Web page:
For over 25 years, Eric Duong, an entrepreneur born in Vietnam, has played a key role in promoting Asian cuisine, culture and entrepreneurial values in Cleveland. Alongside his brother, Michael, he came to Cleveland to be reunited with their father. The latter arrived as a refugee in Northeast Ohio after being forced to flee his home country and leave his business behind due to the Vietnam War, during which the communist government
of North Vietnam and the Viet Cong, its South Vietnamese allies, fought against the government of South Vietnam and its key ally, the United States.
Before joining their father, the two brothers spent several years in France, where they opened and ran their first successful restaurants. Soon after their arrival in Cleveland, in 1988, they launched their first entrepreneurial endeavor in their new home. They opened The Asia Food Inc. on St. Clair Avenue, situated in AsiaTown
, a business and residential community in Cleveland’s east side, which has the highest percentage of Asian-Americans in Ohio.
The market offered a wide selection of products from countries across Asia, ranging from China and India to Indonesia, Vietnam and the Philippines. It took time to establish a viable business, but it managed to attract a wide variety of vendors working through a network of importers. The business also succeeded in securing a diverse clientele.
As The Asia Food Inc. continued to grow over the years, Eric decided to take another entrepreneurial leap to support its expansion. He opened the Asian Town Center, a mixed use retail destination center, to provide the market a needed larger space, but also to create a centralized location in Cleveland for Asian businesses. While the development began in 2003, it was not until 2010 that the Center was opened, after facing some challenges. The City of Cleveland Economic Development Department was instrumental in completing the project, by providing assistance in 2008, as Eric was facing cost overruns, since the price of materials was skyrocketing.
Just as in the case of Asia Food Inc., Eric chose to place the Asian Town Center in AsiaTown
, where a significant part of his potential clientele lived. The 2010 U.S. Census emphasized
that around 39 percent of the population in midtown, of which AsiaTown is a large portion, identified as Asian, which is well above the national and state average. The building selected for the Asian Town Center was the former headquarters of Kichler Lighting, a Cleveland-based building since 1938, which had become the world’s largest decorative lighting fixture company.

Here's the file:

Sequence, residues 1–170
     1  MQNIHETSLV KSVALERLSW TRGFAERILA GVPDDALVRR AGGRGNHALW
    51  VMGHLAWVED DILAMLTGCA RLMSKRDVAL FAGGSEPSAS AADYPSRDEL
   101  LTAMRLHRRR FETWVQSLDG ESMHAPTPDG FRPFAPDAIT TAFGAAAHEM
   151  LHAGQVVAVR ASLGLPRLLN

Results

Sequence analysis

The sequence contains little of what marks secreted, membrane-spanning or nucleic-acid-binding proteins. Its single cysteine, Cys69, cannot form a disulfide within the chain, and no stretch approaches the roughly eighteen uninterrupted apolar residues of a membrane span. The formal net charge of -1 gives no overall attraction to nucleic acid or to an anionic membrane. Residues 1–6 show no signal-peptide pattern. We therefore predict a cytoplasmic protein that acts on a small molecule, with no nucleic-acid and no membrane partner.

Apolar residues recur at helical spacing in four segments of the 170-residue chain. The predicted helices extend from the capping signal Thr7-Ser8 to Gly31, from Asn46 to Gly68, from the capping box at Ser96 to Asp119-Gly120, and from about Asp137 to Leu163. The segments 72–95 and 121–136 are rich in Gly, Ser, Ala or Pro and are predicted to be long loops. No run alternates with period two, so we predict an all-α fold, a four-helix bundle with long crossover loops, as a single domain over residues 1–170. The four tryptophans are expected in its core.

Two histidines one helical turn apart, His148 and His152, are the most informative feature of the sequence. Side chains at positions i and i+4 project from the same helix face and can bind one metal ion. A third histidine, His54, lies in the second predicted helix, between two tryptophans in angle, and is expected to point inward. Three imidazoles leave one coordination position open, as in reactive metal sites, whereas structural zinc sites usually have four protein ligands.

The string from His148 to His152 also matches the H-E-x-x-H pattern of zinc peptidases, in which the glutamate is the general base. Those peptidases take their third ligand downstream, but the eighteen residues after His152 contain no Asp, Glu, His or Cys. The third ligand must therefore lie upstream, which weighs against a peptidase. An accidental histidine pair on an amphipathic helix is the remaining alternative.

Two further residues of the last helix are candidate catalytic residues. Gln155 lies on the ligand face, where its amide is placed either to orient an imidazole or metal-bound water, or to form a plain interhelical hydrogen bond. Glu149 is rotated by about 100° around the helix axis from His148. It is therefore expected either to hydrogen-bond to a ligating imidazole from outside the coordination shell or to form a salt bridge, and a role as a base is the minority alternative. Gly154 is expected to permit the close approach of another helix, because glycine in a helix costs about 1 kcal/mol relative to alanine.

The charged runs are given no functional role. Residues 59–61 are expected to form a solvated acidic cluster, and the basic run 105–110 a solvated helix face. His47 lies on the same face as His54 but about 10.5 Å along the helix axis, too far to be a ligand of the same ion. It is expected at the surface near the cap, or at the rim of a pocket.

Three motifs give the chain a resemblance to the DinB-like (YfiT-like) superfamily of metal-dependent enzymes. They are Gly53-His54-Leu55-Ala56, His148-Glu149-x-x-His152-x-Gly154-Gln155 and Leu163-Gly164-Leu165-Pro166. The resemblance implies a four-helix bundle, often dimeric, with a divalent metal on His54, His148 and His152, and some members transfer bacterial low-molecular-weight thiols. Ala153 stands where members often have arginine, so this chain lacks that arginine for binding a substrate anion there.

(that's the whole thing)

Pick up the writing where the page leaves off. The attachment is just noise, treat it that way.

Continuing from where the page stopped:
It was the only building in the area with enough scale and parking to accommodate multiple tenants, and it was also located right in the heart of AsiaTown, allowing the Center to become its anchor. The Asian entrepreneur provided a complete redevelopment of the edifice and contributed to revamping the area by attracting new businesses. One of Eric’s long-term goals is to transform the AsiaTown neighborhood into an attractive destination for Clevelanders living in downtown or the suburbs and tourists alike, just like Little Italy or Ohio City. He also hopes the Center will become the premier regional community center in the four-state area, between New York and Chicago.
The Asian Town Center is on its way to achieving this latter goal. While opening in the middle of an economic recession with three tenants, at the moment, the Center has almost 20 successful businesses operating there. Apart from the Asia Food Co., the Center carries multiple other companies, with both Asian and non-Asian focuses, such as Miega Korean Restaurant and Bai Wei Herbal Store. The latest business to join the Center has been Viva Dance Studio, which opened in November 2014, and provides private and group dancing lessons.
The Center also organizes events that promote Asian culture, such as the Annual Luna New Year Celebration. The latter provides the Northeast Ohio community an immersion in Asian cultures, through cultural performances, martial arts demonstrations, as well as free tai chi and dance lessons.
As The Asian Town Center and Asia Food Co. have become smoothly running sustainable businesses, Eric has been preparing to launch a new business, Banh Mi and Noodles, an Asian fusion restaurant that will be located in the Center. This marks his return to the passion of his youth. In opening this restaurant, the entrepreneur has sought financial support from different institutions, such as the Economic and Community Development Institute, which provided startup capital to build out the restaurant space as well as technical assistance, such as coordinating with the city’s Storefront Design Program. The restaurant will open in the next several months.
Proud of his accomplishments as a businessman, Eric advises other people wishing to become entrepreneurs to “persevere and absorb as much information as possible. When the right opportunity comes you will be armed with the right work ethic and knowledge to capitalize on it.”
Through his business savvy and his tireless work to build his initiatives, Eric has profoundly shaped the Cleveland community, by allowing it to experience different facets of Asian cultures and enabling its Asian businesses to thrive locally.